First Day of Medical Clinic
Bonswa!! As always I hope you are all loving life and finding amazing adventures. We had a very successful first day of the medical clinic and the team is currently unwinding before a traditional Haitian dinner. For the medical clinic this week we wanted to focus the project on the deaf community but will also be serving the hearing residents of the surrounding area on Thursday and Friday. Everyone scheduled for today showed up as well as a few dozen other friends from the deaf community. We all enjoyed the time in fellowship with the deaf as many people hung around all afternoon in order to teach our team members as much sign language as possible. Observing the development of relationships between the members of Frazer UMC and the residents of the deaf community was a true and beautiful illustration of mutual encouragement.
Our non-medical personnel spent the majority of the afternoon running our makeshift pharmacy, learning sign language, and putting almost a thousand pounds of rice and corn-meal into hundreds of plastic baggies for dispersal to everyone who attends the clinic throughout the week. Starting tomorrow, half of the team will be spending the mornings engaged in educational activities at the deaf camp which should go very well – activities will include communication activities, dance, art, etc… I am very excited for the team that is here this week as they are truly the first team from Frazer to come down here to work specifically with the deaf. There will be many more medical clinics run over the next several years and we are blessed to have experienced, knowledgeable and extremely flexible people. There will be some changes made for the next clinic but I am confident the rest of this week should go well.
I am re-learning what it means to be attempting work within a time frame in a true island culture. Promises are always made and we are assured that tasks will be completed by Monday morning and we find that nothing happens in the meantime – we just need to constantly remind ourselves that we are in Haiti. To do things the American way will never work here and would be an inappropriate approach to a mission with the Haitian people and our friends in the deaf community. Schedules, deadlines, and tasks to complete are often extremely nebulous concepts down here. I think that many who know me back in the US would consider me to be a very laid back person. Down here I definitely need to kick it up a notch again in working hard but trusting so much more in provision, similar to our style of life in Samoa and throughout the South Pacific.
The young boy in this picture showed up at the clinic today and hung out all day with us. We have no idea who he is, where he is from, or where his parents were. We quickly figured out that he is deaf and also has no language at his command. The majority of the deaf people we are working with are able to communicate in a sign language that is very similar to what is recognized by interpreters of ASL. However, the young man we hung out with all day today was not able to communicate with anything that was very recognizable. In a very cool situation that occurred throughout the afternoon, Gabriel, a ten year old boy who came with his parents on the mission trip this week tirelessly attempted communication and the two young boys were inseparable by the end of the day laughing together, giving goofy poses for pictures and communicating ideas in small ways to one another!!! Way to go Gabriel!!! I have no doubts that our friend will show up again tomorrow to spend the day with us.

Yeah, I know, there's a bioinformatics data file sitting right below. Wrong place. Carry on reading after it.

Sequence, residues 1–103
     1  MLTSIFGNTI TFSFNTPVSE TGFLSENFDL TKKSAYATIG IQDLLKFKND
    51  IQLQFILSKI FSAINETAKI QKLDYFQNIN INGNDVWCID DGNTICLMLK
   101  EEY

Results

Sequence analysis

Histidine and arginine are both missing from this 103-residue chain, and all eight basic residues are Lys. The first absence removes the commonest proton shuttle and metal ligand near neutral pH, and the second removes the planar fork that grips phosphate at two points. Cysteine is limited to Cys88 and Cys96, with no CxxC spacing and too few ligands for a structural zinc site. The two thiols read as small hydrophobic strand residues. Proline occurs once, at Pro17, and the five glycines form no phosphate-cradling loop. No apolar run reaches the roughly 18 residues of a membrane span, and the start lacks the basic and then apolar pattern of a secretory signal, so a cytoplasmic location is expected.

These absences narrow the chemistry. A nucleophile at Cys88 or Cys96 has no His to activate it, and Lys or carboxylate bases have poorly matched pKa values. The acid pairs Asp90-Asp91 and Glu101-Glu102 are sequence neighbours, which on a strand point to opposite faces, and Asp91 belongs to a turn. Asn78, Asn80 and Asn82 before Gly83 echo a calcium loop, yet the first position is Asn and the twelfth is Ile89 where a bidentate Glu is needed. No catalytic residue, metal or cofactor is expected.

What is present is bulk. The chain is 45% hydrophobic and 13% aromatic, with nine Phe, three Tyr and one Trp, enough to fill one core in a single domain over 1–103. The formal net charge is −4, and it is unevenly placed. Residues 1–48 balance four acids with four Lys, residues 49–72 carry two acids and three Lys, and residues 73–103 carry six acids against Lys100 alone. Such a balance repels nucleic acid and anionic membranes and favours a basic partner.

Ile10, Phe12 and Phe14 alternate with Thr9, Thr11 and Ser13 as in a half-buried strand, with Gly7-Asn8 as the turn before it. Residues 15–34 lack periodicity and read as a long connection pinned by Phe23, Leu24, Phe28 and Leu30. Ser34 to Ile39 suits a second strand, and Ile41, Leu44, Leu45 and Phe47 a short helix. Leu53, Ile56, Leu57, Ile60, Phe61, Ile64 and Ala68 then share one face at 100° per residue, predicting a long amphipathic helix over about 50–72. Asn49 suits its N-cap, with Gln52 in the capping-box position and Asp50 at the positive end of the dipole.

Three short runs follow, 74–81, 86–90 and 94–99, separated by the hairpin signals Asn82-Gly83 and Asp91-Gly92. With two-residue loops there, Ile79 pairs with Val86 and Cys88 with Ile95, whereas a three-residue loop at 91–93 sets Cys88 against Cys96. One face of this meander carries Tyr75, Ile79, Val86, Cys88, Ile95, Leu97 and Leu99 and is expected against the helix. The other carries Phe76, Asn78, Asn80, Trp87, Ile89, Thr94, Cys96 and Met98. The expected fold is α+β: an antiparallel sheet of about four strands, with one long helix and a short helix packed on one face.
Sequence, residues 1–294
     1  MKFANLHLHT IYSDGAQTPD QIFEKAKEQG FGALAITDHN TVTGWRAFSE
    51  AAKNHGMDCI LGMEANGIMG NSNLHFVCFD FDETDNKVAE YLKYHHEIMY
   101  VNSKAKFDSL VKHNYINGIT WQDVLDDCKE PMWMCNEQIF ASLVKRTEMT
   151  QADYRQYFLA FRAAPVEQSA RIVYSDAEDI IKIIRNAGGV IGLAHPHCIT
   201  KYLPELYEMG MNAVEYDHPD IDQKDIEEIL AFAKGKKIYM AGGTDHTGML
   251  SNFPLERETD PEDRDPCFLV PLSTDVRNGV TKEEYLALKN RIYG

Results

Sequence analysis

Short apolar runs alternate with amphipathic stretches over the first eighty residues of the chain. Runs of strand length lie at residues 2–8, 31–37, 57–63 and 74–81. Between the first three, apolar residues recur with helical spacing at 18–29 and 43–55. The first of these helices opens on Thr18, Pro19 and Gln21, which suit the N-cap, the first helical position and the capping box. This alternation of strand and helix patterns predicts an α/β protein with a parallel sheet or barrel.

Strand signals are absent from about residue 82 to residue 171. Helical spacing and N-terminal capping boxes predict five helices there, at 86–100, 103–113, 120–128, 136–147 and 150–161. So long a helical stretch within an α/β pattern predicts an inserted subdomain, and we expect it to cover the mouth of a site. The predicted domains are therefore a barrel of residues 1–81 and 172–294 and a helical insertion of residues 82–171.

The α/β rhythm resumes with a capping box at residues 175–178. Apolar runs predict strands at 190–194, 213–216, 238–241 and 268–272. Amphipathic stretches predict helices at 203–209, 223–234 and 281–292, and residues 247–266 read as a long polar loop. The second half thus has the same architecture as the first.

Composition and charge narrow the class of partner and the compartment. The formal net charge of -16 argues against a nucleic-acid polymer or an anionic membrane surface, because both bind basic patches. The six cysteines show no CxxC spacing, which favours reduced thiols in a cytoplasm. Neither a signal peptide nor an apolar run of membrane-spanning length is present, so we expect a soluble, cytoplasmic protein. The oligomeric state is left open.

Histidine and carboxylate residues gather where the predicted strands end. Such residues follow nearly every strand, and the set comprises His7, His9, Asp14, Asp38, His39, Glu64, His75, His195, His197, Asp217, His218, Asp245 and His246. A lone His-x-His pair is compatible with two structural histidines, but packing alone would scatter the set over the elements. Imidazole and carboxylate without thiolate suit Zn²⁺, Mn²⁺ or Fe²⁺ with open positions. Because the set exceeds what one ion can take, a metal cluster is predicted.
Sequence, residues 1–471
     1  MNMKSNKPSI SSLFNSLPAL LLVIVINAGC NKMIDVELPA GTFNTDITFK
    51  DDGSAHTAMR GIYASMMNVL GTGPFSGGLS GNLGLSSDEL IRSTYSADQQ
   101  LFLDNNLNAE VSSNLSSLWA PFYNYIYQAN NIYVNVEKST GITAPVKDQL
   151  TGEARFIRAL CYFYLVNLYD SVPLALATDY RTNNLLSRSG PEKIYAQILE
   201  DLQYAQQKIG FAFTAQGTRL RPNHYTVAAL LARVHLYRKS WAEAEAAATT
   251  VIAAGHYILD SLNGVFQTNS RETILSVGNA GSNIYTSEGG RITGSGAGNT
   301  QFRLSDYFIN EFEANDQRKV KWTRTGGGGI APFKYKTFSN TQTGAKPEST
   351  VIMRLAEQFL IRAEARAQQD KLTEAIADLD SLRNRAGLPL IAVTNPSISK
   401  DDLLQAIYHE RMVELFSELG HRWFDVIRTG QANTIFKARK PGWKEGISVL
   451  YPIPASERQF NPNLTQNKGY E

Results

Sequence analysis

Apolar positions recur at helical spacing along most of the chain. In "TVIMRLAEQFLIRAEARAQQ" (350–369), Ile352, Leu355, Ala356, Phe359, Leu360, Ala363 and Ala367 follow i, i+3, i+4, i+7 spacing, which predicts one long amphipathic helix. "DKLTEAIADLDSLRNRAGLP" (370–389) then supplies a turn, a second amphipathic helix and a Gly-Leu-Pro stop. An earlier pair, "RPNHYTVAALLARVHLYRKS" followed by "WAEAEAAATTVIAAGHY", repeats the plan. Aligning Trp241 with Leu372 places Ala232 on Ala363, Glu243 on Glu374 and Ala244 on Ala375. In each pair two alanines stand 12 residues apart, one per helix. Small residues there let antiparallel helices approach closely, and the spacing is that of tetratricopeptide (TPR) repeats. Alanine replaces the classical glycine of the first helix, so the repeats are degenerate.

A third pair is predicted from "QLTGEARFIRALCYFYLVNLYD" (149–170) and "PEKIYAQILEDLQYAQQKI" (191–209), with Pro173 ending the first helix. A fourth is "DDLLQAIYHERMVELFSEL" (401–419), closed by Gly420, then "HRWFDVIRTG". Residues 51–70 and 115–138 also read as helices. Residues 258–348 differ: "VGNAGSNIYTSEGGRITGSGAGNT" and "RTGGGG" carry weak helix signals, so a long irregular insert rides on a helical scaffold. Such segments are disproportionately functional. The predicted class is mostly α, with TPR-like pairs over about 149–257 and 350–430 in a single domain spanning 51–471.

I want to briefly address tonight many of the struggles faced by our friends in the deaf community as the joys of new relationships and big dreams are almost always interspersed with the extremely difficult challenges and fears our new friends face on a daily basis. Today a young man from the community came to us to discuss events that occurred several weeks ago in the camp. For many women in Haiti, especially those living in the tent cities and temporary houses, physical violence, rape and kidnapping are daily occurrences. Several people today sat down to discuss with us many of the things that have happened to themselves or their families in the tent cities. It is heartbreaking to reflect on the fears that everyone is living with when we also talk with people who lost much of their family in the earthquake last year. Another young man shared with me today that he is the only one left from his immediate family. He is my age (26) and lost both of his parents and two brothers in a building collapse last year. While there is hope for a new future in a much safer community for everyone currently living in the deaf community, these people have already endured a lifetime worth of suffering by the time they are teenagers. It is with this in mind that organizations like 410 Bridge, Frazer UMC and dozens of other organizations have set out to work very hard towards helping and encouraging our friends to find a sustainable life with hope for a future of their own choosing.
Lord, tonight we pray to You in the recognition that you are the source of all healing, all peace, all love and all comfort. There is no excess of hope in You God – and we pray for your guidance, provision, clarity and discernment in hoping for the right things and trusting in the right things. In Your most holy Name we pray. Amen.